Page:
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Re: According to reports provided by the San Tijon Police Depar [#permalink] New post 22 Apr 2013, 10:30
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guerrero25 wrote:
According to reports provided by the San Tijon Police Department, persons who have attended or graduated from college are generally less likely to commit crimes than people who have never attended college. Clearly, in some way, going to college decreases the probability of a person committing a crime.

The conclusion drawn by the argument above depends on which of the following assumptions?
(A)Most crimes in San Tijon were committed by those who never went to college.

(B)College graduates are less likely to commit crimes than those who attended college but did not graduate.

(C)San Tijon residents who don’t have college degrees often cannot make enough money to maintain the welfare of their families.

(D)Persons who attended college and those who did not were equally predisposed to commit crimes.

(E)Persons who once went to college are less likely to rob someone than those who have never attended college.

Need some help to understand the approach to tackle this question ..
thanks!


Hi
I ll be happy if my explanation helps
the question states that its because of going to coll....person do not get leaned to committing crime...nw we need to protect this argument.....we need to remove any further points that makes the the conclusion implausible. Consider, what if those students ate some kind of food that made them less exposed to committing crime....So if we say in both the cases ie those who went to coll n those who didn't , they were equally exposed to situations that would have led them to committing crimes. So , if they were exposed to same scenarios n the guys who went coll did not commit crime..it means to some coll was responsible fr them nt committing the crime.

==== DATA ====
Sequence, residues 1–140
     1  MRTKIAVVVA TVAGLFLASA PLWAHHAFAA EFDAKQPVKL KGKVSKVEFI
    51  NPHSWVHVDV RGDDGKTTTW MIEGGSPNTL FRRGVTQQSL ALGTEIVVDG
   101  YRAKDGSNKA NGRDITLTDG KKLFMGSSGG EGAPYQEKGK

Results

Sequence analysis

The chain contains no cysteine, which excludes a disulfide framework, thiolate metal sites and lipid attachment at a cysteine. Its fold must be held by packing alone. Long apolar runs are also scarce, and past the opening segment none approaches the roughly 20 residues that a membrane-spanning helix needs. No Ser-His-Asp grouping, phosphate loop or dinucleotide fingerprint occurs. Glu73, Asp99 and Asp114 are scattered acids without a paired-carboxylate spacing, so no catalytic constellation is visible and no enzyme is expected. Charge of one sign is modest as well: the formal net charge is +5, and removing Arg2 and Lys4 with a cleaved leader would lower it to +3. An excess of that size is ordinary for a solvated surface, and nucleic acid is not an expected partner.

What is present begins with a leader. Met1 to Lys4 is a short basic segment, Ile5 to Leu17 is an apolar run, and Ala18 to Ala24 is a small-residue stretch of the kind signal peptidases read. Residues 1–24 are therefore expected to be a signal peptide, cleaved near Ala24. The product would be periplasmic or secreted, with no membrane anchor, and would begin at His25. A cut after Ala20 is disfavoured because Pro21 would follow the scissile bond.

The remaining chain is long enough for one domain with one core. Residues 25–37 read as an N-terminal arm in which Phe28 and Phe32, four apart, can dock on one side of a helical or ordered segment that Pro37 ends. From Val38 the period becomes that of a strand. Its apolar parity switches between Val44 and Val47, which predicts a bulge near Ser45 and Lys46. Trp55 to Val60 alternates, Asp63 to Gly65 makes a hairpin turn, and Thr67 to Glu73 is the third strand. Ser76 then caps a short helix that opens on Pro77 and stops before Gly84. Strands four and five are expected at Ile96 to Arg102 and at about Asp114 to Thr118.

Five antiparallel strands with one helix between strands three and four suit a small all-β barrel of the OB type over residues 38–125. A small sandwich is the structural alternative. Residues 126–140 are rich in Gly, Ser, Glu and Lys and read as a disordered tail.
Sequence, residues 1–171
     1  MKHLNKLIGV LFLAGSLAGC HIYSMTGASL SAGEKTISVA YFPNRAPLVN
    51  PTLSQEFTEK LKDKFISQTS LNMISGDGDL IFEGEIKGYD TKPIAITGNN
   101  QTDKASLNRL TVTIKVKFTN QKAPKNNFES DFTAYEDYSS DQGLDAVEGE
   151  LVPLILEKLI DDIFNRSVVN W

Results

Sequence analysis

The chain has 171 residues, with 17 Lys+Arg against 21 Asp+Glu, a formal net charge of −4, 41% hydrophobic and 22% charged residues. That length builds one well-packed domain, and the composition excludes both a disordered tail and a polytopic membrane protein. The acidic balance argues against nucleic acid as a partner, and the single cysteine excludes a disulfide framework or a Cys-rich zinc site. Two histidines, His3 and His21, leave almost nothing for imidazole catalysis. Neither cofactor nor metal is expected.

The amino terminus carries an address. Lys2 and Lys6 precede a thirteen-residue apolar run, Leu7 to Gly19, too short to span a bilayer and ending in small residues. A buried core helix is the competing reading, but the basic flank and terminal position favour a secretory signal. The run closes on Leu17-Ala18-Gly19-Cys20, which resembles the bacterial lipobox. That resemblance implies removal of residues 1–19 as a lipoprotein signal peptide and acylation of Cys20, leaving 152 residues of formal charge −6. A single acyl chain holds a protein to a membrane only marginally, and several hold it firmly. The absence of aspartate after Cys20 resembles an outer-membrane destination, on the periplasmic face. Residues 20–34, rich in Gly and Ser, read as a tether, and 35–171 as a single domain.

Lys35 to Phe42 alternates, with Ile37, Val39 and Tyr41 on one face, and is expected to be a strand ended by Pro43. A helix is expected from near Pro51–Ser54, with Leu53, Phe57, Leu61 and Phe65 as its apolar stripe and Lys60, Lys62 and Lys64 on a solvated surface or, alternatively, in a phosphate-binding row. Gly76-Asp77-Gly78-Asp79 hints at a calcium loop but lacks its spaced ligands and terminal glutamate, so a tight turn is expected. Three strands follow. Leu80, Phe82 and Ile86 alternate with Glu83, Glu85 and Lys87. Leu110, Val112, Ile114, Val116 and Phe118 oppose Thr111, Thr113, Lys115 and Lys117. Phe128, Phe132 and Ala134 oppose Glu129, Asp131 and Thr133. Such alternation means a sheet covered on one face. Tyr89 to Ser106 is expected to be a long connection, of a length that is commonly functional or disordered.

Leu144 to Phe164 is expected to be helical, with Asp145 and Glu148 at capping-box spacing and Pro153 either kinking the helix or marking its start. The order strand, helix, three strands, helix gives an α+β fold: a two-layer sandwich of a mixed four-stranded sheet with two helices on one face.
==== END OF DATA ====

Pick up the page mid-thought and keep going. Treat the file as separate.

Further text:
Consider kudos if my post helps!!!

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Re: According to reports provided by the San Tijon Police [#permalink] New post 29 Apr 2013, 22:49
Initially I picked E. But then D it is. I liked D because you can compare the decrease in probability only if the 2 groups have the same level.

Still E reiterates the stimulus...so I thought its a good candidate.

Any suggestions to nail D.
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Re: According to reports provided by the San Tijon Police [#permalink] New post 18 Jan 2014, 11:27
guerrero25 wrote:
According to reports provided by the San Tijon Police Department, persons who have attended or graduated from college are generally less likely to commit crimes than people who have never attended college. Clearly, in some way, going to college decreases the probability of a person committing a crime.

The conclusion drawn by the argument above depends on which of the following assumptions?
(A)Most crimes in San Tijon were committed by those who never went to college.

(B)College graduates are less likely to commit crimes than those who attended college but did not graduate.

(C)San Tijon residents who don’t have college degrees often cannot make enough money to maintain the welfare of their families.

(D)Persons who attended college and those who did not were equally predisposed to commit crimes.

(E)Persons who once went to college are less likely to rob someone than those who have never attended college.

Need some help to understand the approach to tackle this question ..
thanks!


Any opinions on why D is a better answer choice than E?
What exactly does once went to college mean?

Cheers!
J :)
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Re: According to reports provided by the San Tijon Police [#permalink] New post 19 Apr 2015, 03:22
Hello from the GMAT Club VerbalBot!

Thanks to another GMAT Club member, I have just discovered this valuable topic, yet it had no discussion for over a year. I am now bumping it up - doing my job. I think you may find it valuable (esp those replies with Kudos).

Want to see all other topics I dig out? Follow me (click follow button on profile). You will receive a summary of all topics I bump in your profile area as well as via email.
Re: According to reports provided by the San Tijon Police   [#permalink] 19 Apr 2015, 03:22